Following lab evaluation tests, Lockheed Martin's ruggedized HULC (Human Universal Load Carrier) robotic exoskeleton is now undergoing biomechanical testing at the U.S. Army Natick Soldier Research, Development and Engineering Center in Natick, Massachusetts. The biomechanical testing will assess the effectiveness of the HULC in improving the endurance and reducing the risk of injury to soldiers by comparing the performance of soldiers carrying identical loads, both with and without the device.
The testing will measure changes in energy expended by users to assess how quickly individuals acclimatize to the system and whether there is a reduction in metabolic cost. By measuring oxygen consumption per total unit of mass, the tests will determine if there is any improvement in metabolic efficiency with subjects placed under identical load, speed, grade and duration conditions.
The HULC being tested is an un-tethered, battery-powered, hydraulic-actuated anthropomorphic exoskeleton designed to give the wearer the ability to carry loads of up to 200 lb (90.7 kg) for up to 12.4 miles (20 km) on a single battery charge over all manner of terrain. Controlled by an onboard micro-computer that ensures the exoskeleton moves in concert with the operator, the unit's design allows for deep squats, crawls and upper-body lifting with minimal human exertion.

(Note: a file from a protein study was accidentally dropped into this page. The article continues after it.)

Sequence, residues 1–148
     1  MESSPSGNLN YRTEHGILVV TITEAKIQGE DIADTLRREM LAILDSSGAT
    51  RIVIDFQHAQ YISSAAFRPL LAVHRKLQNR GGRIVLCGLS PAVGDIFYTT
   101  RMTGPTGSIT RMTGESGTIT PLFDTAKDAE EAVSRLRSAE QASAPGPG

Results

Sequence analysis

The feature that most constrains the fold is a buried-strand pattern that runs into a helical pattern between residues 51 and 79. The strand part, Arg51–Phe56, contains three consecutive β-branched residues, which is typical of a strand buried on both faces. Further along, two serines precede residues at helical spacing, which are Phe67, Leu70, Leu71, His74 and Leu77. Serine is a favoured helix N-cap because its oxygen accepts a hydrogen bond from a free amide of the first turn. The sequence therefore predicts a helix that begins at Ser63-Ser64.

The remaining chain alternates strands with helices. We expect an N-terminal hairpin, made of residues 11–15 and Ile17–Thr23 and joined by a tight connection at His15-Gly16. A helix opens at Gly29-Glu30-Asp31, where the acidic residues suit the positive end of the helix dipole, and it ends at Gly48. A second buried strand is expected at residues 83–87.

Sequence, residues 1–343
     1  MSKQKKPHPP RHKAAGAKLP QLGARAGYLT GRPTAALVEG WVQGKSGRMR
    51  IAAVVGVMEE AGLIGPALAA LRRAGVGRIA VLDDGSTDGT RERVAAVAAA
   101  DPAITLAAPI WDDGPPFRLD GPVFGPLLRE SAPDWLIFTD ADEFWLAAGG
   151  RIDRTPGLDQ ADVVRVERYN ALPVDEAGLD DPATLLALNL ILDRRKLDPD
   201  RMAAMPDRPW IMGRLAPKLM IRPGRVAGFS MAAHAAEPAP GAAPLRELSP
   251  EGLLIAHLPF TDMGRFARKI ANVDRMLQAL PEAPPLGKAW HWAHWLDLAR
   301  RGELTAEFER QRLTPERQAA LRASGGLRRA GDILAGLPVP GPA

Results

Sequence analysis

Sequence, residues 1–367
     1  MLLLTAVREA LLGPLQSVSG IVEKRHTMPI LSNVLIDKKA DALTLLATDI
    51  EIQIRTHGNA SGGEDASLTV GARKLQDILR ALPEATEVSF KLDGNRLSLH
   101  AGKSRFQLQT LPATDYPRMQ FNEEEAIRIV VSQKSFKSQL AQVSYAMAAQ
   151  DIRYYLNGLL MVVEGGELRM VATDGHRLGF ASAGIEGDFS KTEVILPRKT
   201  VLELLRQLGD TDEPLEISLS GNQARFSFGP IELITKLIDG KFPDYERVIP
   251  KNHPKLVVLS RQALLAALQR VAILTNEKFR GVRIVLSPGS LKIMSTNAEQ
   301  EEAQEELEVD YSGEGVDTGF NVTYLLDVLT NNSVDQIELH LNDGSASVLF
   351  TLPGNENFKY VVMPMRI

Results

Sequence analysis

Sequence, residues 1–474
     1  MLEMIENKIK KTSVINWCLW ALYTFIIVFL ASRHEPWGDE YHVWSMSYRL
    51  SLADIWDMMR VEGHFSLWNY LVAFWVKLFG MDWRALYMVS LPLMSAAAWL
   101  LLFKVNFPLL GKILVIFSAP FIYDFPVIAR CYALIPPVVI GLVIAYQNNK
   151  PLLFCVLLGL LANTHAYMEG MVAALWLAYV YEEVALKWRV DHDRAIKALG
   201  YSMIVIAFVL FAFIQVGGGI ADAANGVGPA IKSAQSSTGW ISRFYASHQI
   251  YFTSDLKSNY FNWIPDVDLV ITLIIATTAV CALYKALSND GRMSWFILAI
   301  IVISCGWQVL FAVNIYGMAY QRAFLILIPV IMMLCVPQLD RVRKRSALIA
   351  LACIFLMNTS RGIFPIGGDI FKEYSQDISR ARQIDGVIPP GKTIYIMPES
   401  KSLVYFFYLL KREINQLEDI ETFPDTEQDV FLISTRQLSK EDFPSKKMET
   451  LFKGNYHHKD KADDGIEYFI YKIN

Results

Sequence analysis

"Our latest generation of the HULC design provides unmatched flexibility, strength and endurance," said Jim Ni, HULC program manager at Lockheed Martin Missiles and Fire Control. "It will enable soldiers to do things they cannot do today, while helping to protect them from musculoskeletal injuries."
According to the Department of Veterans Affairs, the most prevalent service-connected disabilities stem from musculoskeletal injuries.
If the biomechanical evaluations prove successful, the ruggedized HULC system will then undergo field-testing in simulated operational environments.